Berkshire harassment victim backs right-to-ask pilot scheme

Tracey Williams
Image caption Ms Williams began receiving sexual and threatening messages over the internet

A Berkshire family who suffered at the hands of a convicted sex offender have welcomed a scheme allowing people to ask for a partner's criminal history.

Tracey Williams and her daughter fell victim to a campaign of harassment by Ms Williams partner, Jason Woods.

She said she had to change her whole life and is always "living in fear".

The year-long trials giving people the right to ask for information will run in Greater Manchester, Nottinghamshire, Wiltshire and Gwent.

The scheme has been called Clare's Law, after Clare Wood, who was murdered by an ex boyfriend in 2009.

Clare never knew her killer had a record of domestic violence against previous partners.

The Home Office has backed the scheme which gives people the right to ask for information about the criminal records of partners, but the campaign group Refuge has said most perpetrators of domestic violence are not known to the police.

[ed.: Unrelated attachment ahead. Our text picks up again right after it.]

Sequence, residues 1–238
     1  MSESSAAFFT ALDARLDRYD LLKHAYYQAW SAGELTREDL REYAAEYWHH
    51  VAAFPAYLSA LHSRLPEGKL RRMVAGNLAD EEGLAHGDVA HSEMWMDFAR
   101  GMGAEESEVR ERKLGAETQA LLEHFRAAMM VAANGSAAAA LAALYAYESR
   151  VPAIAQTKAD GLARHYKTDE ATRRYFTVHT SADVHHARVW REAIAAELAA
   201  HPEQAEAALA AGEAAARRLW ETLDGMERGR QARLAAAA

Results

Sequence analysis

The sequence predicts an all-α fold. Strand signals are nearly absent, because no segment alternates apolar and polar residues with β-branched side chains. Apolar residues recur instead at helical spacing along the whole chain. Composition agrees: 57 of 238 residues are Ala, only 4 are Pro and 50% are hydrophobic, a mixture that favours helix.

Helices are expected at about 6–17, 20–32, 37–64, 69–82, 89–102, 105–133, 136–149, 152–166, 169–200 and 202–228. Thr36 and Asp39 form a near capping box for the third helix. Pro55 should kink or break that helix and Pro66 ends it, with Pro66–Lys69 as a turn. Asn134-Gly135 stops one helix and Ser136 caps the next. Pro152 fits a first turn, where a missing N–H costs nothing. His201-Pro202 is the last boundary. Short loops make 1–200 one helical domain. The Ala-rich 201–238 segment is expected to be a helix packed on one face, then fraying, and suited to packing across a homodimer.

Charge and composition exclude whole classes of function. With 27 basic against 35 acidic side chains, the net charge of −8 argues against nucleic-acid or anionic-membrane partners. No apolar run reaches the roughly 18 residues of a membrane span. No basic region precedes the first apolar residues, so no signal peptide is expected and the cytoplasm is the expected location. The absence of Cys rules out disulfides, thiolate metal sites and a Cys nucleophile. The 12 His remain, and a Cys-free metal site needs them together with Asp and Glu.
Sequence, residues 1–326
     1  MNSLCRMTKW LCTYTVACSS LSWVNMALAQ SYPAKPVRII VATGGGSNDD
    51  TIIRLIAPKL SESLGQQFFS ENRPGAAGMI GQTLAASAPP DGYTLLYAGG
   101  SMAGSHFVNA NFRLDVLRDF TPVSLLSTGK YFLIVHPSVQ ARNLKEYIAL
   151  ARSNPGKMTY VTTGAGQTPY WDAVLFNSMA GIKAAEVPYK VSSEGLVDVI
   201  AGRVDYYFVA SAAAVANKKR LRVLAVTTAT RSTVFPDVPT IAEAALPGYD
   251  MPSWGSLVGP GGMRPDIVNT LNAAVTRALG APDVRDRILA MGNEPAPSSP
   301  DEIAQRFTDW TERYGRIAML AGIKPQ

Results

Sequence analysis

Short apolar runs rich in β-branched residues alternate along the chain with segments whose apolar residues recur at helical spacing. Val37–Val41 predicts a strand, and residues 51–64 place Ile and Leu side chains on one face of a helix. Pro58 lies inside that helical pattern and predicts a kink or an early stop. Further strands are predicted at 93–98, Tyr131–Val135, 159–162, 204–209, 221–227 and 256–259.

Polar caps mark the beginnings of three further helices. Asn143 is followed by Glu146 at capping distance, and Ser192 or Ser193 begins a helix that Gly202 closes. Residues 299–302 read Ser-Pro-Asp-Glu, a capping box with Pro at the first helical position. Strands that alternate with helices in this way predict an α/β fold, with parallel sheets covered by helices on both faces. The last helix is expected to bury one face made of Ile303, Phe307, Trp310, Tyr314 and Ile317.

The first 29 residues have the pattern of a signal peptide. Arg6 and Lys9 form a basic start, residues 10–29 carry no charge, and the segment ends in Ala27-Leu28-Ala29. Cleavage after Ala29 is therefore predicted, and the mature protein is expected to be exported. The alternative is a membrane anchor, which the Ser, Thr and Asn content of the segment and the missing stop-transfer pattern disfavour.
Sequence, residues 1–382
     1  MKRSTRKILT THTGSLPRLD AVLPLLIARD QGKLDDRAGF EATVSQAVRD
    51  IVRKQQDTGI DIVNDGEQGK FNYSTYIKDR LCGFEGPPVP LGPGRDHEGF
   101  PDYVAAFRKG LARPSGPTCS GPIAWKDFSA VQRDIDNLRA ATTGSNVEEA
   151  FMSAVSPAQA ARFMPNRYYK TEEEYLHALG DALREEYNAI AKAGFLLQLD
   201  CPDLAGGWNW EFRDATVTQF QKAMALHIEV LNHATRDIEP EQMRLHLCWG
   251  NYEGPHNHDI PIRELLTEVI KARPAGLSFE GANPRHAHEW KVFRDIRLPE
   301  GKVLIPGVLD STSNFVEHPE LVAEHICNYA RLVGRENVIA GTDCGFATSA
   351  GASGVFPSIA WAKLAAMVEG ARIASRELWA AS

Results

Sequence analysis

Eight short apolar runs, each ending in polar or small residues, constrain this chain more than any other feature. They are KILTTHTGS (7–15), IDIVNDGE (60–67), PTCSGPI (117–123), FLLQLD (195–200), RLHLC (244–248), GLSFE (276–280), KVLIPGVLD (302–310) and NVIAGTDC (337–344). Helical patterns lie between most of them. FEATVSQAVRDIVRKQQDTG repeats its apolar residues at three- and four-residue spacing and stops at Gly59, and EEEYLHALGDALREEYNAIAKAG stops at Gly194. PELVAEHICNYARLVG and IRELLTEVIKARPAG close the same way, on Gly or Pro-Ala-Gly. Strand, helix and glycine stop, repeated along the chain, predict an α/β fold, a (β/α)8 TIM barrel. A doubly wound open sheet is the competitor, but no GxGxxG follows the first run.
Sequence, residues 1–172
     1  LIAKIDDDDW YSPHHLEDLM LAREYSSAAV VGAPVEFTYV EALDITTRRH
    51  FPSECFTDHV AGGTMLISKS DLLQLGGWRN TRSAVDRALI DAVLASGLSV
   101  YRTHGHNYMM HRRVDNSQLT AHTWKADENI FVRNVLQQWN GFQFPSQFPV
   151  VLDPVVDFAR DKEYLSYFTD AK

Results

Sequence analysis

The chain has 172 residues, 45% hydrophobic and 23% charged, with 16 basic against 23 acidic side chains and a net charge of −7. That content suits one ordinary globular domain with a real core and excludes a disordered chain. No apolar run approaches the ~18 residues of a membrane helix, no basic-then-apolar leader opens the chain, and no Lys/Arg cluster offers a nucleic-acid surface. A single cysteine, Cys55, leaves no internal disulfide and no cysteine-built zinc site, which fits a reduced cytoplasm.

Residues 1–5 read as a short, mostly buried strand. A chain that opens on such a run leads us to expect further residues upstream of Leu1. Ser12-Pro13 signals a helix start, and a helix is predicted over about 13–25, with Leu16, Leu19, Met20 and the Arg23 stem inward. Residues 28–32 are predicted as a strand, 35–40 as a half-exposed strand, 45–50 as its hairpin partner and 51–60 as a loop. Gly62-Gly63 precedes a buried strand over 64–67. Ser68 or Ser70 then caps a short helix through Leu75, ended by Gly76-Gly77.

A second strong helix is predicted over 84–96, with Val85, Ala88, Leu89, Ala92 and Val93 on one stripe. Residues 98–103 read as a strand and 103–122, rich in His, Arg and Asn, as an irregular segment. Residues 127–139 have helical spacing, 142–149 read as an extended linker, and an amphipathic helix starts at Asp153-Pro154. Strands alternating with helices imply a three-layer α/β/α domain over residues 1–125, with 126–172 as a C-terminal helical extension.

'Feel sick'

However Ms Williams, who met her tormentor Woods at a time when he was a patient at Thornford Park Hospital in Thatcham, supports the scheme.

Woods admitted he had sexually assaulted an eight-year-old girl, but that it was 20 years ago when he was just 16 and he was a changed man.

Ms Williams was never told he had attacked two other women and had violent sexual fantasies.

Woods had also spent time at Broadmoor high-security psychiatric hospital.

Ms Williams began receiving sexual and at times threatening messages over the internet, which Woods later confessed to sending.

Her teenage daughter, who did not want to be named, was also targeted by Woods.

He was later charged with harassment and pleaded guilty. He was jailed for five months.

Ms Williams said: "To think this man's been in my family makes me feel sick.

"And even worse, that people knew about this man but we were never told of any of his history. Everything was played down.

"We just weren't protected at all.

'Sheer fear'

Describing the harassment, Ms Williams' daughter said: "I had a mail on Facebook when I was 14 saying send me a picture of your boobs.

"I didn't reply, I just deleted and blocked him straight away.

"[I found out it was him] after he confessed to my nan and mum, so I didn't know until last year.

"It was horrible, I felt sick, I was scared. I just didn't know what to do."

Ms Williams said: "I've had to change everything, my whole lifestyle, my child's school, even my job and work.

"I couldn't do my job because of the sheer fear of having to go where he knows where I'm going, sometimes late at night.

"My whole life has had to change and I'm still living in fear because of him."

The BBC has been unable to contact Woods either directly or through his family in Kent.

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